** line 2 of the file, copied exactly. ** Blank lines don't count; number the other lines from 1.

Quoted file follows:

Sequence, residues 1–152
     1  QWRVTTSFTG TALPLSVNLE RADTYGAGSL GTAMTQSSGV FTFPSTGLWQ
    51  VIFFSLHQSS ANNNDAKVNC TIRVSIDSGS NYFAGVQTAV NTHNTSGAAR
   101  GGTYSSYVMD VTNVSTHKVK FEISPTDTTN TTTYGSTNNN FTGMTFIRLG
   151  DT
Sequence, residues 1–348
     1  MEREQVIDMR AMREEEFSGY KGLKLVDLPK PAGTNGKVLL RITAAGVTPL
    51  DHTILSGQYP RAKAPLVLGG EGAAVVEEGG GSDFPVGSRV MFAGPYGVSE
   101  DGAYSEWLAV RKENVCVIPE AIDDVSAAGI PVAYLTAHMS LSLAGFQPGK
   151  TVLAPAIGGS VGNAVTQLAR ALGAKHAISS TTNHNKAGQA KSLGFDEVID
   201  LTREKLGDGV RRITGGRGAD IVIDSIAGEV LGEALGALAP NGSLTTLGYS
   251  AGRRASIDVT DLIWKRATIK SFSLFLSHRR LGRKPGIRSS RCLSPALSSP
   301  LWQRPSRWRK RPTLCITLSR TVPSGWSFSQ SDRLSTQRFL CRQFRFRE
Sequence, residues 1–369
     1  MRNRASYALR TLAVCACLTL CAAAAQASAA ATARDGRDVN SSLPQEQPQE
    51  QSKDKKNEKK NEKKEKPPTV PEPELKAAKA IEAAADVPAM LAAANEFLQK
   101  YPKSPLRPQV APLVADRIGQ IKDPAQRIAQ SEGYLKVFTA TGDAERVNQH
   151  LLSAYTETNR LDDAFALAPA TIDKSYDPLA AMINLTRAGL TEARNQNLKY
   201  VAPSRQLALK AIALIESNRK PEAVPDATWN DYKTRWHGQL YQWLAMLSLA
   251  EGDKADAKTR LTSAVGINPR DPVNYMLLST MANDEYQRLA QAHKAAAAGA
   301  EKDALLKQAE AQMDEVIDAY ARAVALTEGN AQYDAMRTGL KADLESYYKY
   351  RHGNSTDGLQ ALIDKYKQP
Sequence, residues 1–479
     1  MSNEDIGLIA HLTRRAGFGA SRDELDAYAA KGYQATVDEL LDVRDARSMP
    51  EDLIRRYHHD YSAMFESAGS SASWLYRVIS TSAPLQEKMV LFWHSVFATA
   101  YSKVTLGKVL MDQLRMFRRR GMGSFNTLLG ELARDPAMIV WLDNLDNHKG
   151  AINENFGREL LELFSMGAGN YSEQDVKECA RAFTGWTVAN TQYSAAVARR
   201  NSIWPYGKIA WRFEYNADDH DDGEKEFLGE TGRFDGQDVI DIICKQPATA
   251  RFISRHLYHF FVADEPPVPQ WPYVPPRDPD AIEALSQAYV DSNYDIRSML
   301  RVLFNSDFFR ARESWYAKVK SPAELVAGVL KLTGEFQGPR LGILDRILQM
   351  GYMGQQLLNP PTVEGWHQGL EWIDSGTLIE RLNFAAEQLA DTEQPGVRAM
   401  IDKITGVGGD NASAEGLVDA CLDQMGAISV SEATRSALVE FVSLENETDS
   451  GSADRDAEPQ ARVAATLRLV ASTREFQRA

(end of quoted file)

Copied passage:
     1  QWRVTTSFTG TALPLSVNLE RADTYGAGSL GTAMTQSSGV FTFPSTGLWQ